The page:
Reduce heat. Add garlic, herbs and spices plus habañero pepper (handled by the stem). Stir and fry one minute.

Add meat. Raise the heat. Break up meat as it fries. When raw color is gone, stir in 1/2 cup water. Simmer covered, stirring occasionally, until meat is tender. Add a little water as needed, so there is always a bit of liquid with the meat.

Add salt and beans. Heat together for five minutes, stirring occasionally. Taste and add salt if needed.

Stir in sour cream and simmer several minutes. Taste for salt at end of cooking.

The chili is best made ahead and reheated to serve.

Sprinkle lightly with cheese and cilantro.

Saturday, February 06, 2010

Keema: "Minced" Meat Curry with Potatoes and Peas

Here is an updated version of what our kids loved when they were young. It is a "minced" (ground) meat curry with peas, which we called "children's curry" back then.

This is actually a classical curry from north India, a Punjabi dish. The meat there, of course, should be ground lamb, which "keema" implies. Beef would be religiously offensive in India, which is predominantly Hindu. On the other hand, in Pakistan, a Muslim country that includes the western half of the state of Punjab, beef is perfectly OK, assuming it has been properly ("halal") slaughtered.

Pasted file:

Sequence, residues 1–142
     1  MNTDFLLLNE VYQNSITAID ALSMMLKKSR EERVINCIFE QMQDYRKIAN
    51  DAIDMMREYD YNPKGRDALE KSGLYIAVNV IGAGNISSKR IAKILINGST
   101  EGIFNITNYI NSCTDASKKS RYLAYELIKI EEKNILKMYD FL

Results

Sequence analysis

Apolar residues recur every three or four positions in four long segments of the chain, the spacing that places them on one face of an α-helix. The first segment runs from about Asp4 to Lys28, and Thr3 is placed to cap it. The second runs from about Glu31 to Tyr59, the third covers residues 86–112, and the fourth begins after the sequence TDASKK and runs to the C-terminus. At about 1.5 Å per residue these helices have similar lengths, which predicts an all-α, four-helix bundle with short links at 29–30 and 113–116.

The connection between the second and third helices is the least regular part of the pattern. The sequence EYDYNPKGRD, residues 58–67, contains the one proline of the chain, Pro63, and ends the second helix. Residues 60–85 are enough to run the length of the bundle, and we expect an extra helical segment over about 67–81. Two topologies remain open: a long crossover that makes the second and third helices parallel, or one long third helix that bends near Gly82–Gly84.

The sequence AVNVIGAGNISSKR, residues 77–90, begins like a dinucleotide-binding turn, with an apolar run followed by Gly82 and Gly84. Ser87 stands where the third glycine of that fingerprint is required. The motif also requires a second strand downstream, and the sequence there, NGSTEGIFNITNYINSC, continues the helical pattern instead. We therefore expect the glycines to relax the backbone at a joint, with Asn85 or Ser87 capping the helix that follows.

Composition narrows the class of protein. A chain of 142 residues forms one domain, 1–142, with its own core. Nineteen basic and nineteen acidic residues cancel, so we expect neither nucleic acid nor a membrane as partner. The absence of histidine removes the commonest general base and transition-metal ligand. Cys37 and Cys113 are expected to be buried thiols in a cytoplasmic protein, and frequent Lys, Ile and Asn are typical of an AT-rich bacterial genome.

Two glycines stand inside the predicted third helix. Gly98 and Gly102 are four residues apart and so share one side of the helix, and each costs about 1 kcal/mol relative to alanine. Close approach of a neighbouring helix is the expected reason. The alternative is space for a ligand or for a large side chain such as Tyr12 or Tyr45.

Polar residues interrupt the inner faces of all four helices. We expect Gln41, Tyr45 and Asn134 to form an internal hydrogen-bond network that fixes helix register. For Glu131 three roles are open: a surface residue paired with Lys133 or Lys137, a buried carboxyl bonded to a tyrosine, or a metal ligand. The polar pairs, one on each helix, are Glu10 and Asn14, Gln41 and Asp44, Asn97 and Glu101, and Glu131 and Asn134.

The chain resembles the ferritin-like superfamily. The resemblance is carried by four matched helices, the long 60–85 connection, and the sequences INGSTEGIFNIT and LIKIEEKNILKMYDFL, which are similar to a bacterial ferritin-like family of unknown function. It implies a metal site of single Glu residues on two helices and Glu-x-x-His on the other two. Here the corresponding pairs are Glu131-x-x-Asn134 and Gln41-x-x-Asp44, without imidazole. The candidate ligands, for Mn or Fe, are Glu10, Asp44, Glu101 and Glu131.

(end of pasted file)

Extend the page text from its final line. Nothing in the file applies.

Personally, I prefer lamb on the basis of flavor. But it is expensive, so I generally use a mixture of the two meats. The spicing is deeply aromatic. Hot pepper is, traditionally, used sparingly. The base of the curry gravy is caramelized onions, but tomato and yogurt are typically included too.

While the curry is principally ground meat, peas are a traditional accompanying ingredient. In this case it's called "Keema Muttar." "Keema Gobi" is minced meat curry with cauliflower, and "Keema Alu" is minced meat curry with potatoes.

The recipe below is for meat with peas and potatoes, or "Keema Muttar Alu."

This should be accompanied with basmati rice (see my blog posting of 1/26/08) or the flat bread known as nan. A yogurt raita (see my blog posting of 4/25/08) is the typical condiment.

The recipe serves 8, with leftovers.

Minced Meat Curry with Peas and Potatoes -- Keema Muttar Alu

2 medium-large onions, chopped
3 tablespoons canola (not olive) oil
4 cloves garlic
1 inch fresh ginger, peeled and thinly sliced
1 large stick of cinnamon
4 whole cloves
4 whole cardamoms
2 tablespoons ground coriander
1 tablespoon ground cumin
1 tablespoon ground turmeric
1 1/2 cups water
1 1/2 teaspoons paprika
1/2 teaspoon cayenne
1/4 teaspoon ground black pepper
2 pounds ground lamb, beef, or a mixture of the two
1 large baking (russet) potato, peeled and cut in 1-inch cubes
4 tablespoons tomato paste (1/2 of a 6-ounce can -- freeze remainder in plastic bag)
2 teaspoons salt, plus to taste
1/2 cup yogurt, beaten in the cup
12 ounces frozen peas
1/2 cup coarsely chopped cilantro, including part of stems, plus more for garnish

Fry onion in oil in heavy pan, stirring frequently, until becoming golden brown. Reduce heat.

Pound in mortar, puree in food processor, or finely mince garlic with ginger. Stir into fried onion mixture, along with whole spices. Fry gently 2 minutes.